Can MCEBuddy process an audio stream and then process the output of that process again?

The reason I ask this is that some things need to be done in steps. Most of my audio in recorded movies is AC3 5.1 so I downsample that to stereo AAC and then have all the audio streams also copied as is with the following settings:

ffmpeg-audioac3=-map 0:1 -map 0:1 -map 0:2 -c:a:0 aac -ab 384k -ac 2 -c:a:1 copy -c:a:2 copy

The problem comes in that I also want to use dynamic range compression on the same AAC stereo track but you should not use such processes until the file has been downsampled to stereo first…thus my conundrum. I need to apply the following in ffmepeg:

-af dynaudnorm=f=150

to the stereo AAC audio track AFTER MCEBuddy has created it but do not know if MCEBuddy is capable of doing this and if it is I am not sure how.

Any insight would be greatly appreciated

Create 2 conversion tasks with different profiles and try daisy chaining the conversions as explained here where the output of one conversion feeds into the next one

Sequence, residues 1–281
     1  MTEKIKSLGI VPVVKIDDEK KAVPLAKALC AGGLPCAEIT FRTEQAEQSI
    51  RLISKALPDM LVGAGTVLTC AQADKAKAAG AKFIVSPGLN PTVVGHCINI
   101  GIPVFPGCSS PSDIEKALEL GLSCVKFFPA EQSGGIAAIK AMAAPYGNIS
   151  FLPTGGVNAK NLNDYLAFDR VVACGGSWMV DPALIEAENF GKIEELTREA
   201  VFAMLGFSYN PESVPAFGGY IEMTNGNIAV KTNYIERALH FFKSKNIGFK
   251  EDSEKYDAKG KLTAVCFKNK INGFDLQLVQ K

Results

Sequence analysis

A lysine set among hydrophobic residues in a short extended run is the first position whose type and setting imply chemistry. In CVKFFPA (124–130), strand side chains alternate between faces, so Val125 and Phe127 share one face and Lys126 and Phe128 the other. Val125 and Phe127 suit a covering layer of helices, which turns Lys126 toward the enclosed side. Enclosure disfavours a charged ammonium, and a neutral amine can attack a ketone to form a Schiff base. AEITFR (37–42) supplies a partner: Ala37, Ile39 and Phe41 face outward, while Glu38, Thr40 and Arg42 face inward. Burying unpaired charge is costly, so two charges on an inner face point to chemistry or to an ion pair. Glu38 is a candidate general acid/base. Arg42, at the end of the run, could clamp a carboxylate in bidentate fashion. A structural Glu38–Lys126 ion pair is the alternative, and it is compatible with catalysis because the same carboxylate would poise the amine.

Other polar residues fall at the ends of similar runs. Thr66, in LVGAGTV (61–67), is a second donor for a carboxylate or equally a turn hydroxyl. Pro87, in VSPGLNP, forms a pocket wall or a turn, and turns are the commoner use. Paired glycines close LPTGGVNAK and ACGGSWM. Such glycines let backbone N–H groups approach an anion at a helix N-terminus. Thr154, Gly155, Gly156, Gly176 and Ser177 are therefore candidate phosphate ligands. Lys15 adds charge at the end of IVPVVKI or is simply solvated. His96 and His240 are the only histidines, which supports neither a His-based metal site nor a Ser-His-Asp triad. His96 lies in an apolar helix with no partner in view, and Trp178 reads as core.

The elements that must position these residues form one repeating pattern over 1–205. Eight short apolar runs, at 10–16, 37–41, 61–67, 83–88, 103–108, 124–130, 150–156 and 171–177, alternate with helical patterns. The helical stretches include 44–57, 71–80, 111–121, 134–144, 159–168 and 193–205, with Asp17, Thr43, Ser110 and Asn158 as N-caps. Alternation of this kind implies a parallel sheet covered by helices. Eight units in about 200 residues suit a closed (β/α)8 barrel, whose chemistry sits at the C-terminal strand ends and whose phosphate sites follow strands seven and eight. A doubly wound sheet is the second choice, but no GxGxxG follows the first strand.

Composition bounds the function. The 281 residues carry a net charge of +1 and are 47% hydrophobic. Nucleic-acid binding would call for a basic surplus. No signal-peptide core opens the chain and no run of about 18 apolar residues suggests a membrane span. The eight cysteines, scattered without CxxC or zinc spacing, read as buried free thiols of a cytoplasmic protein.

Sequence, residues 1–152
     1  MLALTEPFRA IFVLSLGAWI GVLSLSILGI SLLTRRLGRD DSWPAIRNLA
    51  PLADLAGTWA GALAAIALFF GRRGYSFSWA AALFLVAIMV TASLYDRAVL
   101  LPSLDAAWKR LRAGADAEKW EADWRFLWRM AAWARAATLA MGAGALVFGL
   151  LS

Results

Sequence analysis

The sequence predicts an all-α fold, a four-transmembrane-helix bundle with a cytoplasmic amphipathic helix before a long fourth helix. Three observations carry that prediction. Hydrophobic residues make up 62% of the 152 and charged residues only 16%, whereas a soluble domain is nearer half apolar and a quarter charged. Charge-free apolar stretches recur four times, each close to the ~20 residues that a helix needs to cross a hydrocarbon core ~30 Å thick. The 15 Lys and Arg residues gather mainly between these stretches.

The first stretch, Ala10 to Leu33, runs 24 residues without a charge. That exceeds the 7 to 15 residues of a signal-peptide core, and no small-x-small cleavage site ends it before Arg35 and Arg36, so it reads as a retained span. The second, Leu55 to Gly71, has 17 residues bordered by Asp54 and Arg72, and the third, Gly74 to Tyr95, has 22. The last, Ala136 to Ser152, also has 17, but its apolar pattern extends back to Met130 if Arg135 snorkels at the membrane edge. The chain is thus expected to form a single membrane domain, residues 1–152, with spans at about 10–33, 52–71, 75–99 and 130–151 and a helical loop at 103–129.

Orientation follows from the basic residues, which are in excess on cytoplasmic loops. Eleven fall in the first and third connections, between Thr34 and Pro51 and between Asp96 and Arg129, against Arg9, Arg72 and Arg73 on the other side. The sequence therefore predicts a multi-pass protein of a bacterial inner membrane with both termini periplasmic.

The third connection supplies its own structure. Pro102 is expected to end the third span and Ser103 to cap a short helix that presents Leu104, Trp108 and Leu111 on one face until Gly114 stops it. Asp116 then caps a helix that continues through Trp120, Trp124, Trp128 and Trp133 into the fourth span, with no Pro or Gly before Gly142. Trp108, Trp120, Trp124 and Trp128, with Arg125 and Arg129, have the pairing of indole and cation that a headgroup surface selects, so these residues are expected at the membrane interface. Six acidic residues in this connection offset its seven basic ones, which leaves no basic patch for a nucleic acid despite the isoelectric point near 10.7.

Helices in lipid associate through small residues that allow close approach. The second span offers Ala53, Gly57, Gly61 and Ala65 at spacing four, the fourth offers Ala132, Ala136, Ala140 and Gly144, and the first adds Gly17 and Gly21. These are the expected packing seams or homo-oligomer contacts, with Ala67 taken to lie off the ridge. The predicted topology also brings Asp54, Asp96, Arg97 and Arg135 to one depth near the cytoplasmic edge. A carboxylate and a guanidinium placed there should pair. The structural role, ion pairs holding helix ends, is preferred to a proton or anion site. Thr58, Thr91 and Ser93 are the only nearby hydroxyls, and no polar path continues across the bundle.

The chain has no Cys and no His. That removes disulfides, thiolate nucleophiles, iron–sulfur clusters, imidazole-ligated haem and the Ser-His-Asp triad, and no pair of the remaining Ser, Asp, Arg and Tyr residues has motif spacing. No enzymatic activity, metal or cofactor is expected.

So if I understand this one way to do what I want it so let my current setup run as is then put the output MKV files back into MCEBuddy and run them as MKV Unprocessed but have the first audio stream, which is now a 2 channel AAC, modified with the dynamic range compression?

Using monitored locations creates too many problems. For me it would be easier to just load the files back into MCEBuddy with the MKV Unprocessed profile tweaked to my needs to just alter audio and have the source files deleted when done. I run 40 or more conversions at a time and I don’t want monitored locations feeding the queue because no matter what you tell me all files are added to the beginning of the queue and I have never been able to stop this from happening.

I’m thinking there might be away to use the custom commands in a profile to do this. I’m not exactly sure how that would look yet or which order it would need to be but let me spend some time looking into this and get back to you.

Okay, here is what I came up with. DISCLAIMER: I could not test this and my ffmpeg knowledge is mediocre at best. But it might be a good starting point for others to chime in and help out.

Add this to the profile you want to normalize the stereo audio.

CustomCommandParameters="/c ren "%convertedfile%" %convertedfilename%-1.%convertedext% & "C:\Program Files\MCEBuddy2x\ffmpeg\ffmpeg.exe" -i "%workingpath%\%convertedfilename%-1.%convertedext% -map 0:v -c:v copy -map 0:1 -map 0:2 -map 0:3 -af dynaudnorm=f=150 -c:a:1 copy -c:a:2 copy "%convertedfile%" & del "%workingpath%\%convertedfilename%-1.%convertedext%""